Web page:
want to vote for you, but i just don't think you can win. well, i think that today we took a giant step to overcome that kind of doubt. >> reporter: it was a whirlwind night for sanders. a red eye flight to new hampshire where hundreds of supporters rallied for him at 5:00 in the morning. >> what time is it? that's amazing. >> reporter: another sign of that enthusiasm. after his speech last night bernie sanders raised over $1 million. lester? >> all right, kasie, thanks. let's turn to chuck todd, nbc news political director and moderator of "meet the press." chuck, what impact will last night have and what plays out in new hampshire over the next week? >> now we see a shift in the burden of proof on candidacies. in iowa the burden of proof was on donald trump and hillary clinton and ted cruz. ted cruz passed his test. hillary clinton barely passed her test. now the burden of proof shifts in new hampshire to bernie sanders and donald trump. donald trump and bernie sanders have had double-digit leads in new hampshire for weeks.
now they have to win here. well, hillary clinton might have a little bit of momentum, the clintons have done well in new hampshire in the past, and now we know everything could be thrown up into the air on the republican side of things. so i think that's the big change here is suddenly must-win states for sanders and trump. >> all right, chuck. thank you. there are a pair of troubling new developments in the zika virus outbreak. doctors in the u.s. are reporting the first known case of the virus being sexually transmitted. while in brazil experts are trying to determine whether the virus could be linked to a rare condition that causes paralysis in adults. nbc's rehema ellis reports from brazil. >> reporter: mosquitos are the primary way the zika virus is transmitted, but today the cdc confirmed the first case acquired by sexual contact in texas. as a result, the cdc tells nbc news it will now issue a new advisory this week. >> if a man comes back, gets sick with zika and then has sexual intercourse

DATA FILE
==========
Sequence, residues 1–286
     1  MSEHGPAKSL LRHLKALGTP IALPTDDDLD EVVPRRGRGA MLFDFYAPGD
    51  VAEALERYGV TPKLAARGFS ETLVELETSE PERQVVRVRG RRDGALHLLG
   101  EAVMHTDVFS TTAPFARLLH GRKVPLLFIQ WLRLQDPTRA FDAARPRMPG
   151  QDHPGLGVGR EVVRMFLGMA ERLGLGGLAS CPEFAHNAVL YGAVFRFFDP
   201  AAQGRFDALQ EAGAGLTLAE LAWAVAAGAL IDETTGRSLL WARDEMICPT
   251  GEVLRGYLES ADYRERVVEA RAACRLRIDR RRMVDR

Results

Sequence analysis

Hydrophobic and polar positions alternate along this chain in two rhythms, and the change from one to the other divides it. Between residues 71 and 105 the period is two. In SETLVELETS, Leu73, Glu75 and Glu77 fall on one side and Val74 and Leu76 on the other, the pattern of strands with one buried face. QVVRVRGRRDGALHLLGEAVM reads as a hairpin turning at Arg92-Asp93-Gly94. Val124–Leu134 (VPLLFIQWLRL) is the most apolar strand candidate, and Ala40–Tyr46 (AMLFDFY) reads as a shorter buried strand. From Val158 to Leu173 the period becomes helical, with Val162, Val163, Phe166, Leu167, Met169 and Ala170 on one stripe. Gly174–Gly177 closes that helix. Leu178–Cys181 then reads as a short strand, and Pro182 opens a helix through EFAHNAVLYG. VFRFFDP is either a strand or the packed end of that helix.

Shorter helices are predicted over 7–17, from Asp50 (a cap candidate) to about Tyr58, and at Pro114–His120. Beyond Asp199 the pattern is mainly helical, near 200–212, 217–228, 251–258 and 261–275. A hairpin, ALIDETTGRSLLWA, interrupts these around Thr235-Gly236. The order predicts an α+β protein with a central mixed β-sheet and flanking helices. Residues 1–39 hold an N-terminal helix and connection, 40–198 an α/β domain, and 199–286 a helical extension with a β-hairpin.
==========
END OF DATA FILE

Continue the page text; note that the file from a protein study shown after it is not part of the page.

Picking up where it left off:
with a woman who is pregnant or may be pregnant, there is the theoretical risk that that woman could then become infected with zika. >> reporter: as health officials study transmission, the cdc is also investigating other serious illnesses zika may cause beyond microcephaly in babies. in brazil, 27-year-old dave gomez is recovering from sudden paralysis he woke up with a month ago after having zika-likecism tomts. were you afraid? he was diagnosed with guillain-barre syndrome, a rare and potentially life-threatening attack on the nervous system causing paralysis. debilitating but often treatable with blood-cell infusions and physical therapy. >> last year we have 65 cases. >> reporter: this neurologist says that's four times higher than normal at her hospital. snow think the zika virus is connected with the syndrome? >> yes, absolutely. >> reporter: who is at risk?